Posted on 12 November 2020
Longevity briefs provides a short summary of novel research in biology, medicine, or biotechnology that caught the attention of our researchers in Oxford, due to its potential to improve our health, wellbeing, and longevity.
The first entire human genome was sequenced in 2003. The DNA sequence, made up of 3 billion letters, was almost entirely of DNA supplied by people in the city of Buffalo, New York. Currently, when researchers or clinicians analyse an individual’s genome, they compare it to this reference genome to identify alterations in the code.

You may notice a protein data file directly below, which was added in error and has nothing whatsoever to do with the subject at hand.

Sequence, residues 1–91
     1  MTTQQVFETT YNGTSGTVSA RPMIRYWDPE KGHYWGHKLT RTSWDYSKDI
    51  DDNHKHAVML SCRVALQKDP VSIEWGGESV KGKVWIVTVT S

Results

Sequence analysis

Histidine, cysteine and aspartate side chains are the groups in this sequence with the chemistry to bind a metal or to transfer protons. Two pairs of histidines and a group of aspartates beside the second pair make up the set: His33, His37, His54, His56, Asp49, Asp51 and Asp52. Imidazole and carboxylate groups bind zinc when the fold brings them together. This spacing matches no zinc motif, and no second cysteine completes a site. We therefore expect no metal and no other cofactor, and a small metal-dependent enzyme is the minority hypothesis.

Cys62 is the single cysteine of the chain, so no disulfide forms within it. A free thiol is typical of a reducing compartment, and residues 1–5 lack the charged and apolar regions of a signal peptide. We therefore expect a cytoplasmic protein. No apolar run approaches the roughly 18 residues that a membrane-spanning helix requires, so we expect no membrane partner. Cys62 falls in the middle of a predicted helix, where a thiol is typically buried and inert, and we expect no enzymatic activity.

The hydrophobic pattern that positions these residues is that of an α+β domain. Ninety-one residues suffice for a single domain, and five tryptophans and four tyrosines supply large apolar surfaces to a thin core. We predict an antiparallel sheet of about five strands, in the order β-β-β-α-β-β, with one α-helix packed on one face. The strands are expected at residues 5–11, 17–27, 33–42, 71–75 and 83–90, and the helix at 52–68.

But can one genome tell us everything we want to know about the entirety of humanity? No, as one reference genome does not reflect the genomic diversity of the entire human species.
We need many reference genomes — a pangenome.
This is the goal of the Human Genome Reference Program, funded by the National Human Genome Research Institute. At least 350 high quality, gapless, human genome sequences will be completed from ancestrally diverse people over the next couple of years. Work on this mammoth undertaking has already started and is poised to transform the future of genomic research and its application to human health.
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